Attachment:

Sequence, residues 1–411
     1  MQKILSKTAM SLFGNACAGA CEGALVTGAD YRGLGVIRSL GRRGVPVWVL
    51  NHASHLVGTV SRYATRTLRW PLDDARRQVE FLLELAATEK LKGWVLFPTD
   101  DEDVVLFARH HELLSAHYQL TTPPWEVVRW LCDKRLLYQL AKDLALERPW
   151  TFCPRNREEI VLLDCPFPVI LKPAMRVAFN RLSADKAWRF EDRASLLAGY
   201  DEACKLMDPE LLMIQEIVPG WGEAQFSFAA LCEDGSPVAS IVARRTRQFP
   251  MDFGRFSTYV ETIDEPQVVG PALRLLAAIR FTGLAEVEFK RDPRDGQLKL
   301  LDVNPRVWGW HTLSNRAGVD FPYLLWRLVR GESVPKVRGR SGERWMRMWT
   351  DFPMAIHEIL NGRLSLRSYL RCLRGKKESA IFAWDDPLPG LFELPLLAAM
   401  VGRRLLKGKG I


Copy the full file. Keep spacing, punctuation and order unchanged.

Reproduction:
Sequence, residues 1–411
     1  MQKILSKTAM SLFGNACAGA CEGALVTGAD YRGLGVIRSL GRRGVPVWVL
    51  NHASHLVGTV SRYATRTLRW PLDDARRQVE FLLELAATEK LKGWVLFPTD
   101  DEDVVLFARH HELLSAHYQL TTPPWEVVRW LCDKRLLYQL AKDLALERPW
   151  TFCPRNREEI VLLDCPFPVI LKPAMRVAFN RLSADKAWRF EDRASLLAGY
   201  DEACKLMDPE LLMIQEIVPG WGEAQFSFAA LCEDGSPVAS IVARRTRQFP
   251  MDFGRFSTYV ETIDEPQVVG PALRLLAAIR FTGLAEVEFK RDPRDGQLKL
   301  LDVNPRVWGW HTLSNRAGVD FPYLLWRLVR GESVPKVRGR SGERWMRMWT
   351  DFPMAIHEIL NGRLSLRSYL RCLRGKKESA IFAWDDPLPG LFELPLLAAM
   401  VGRRLLKGKG I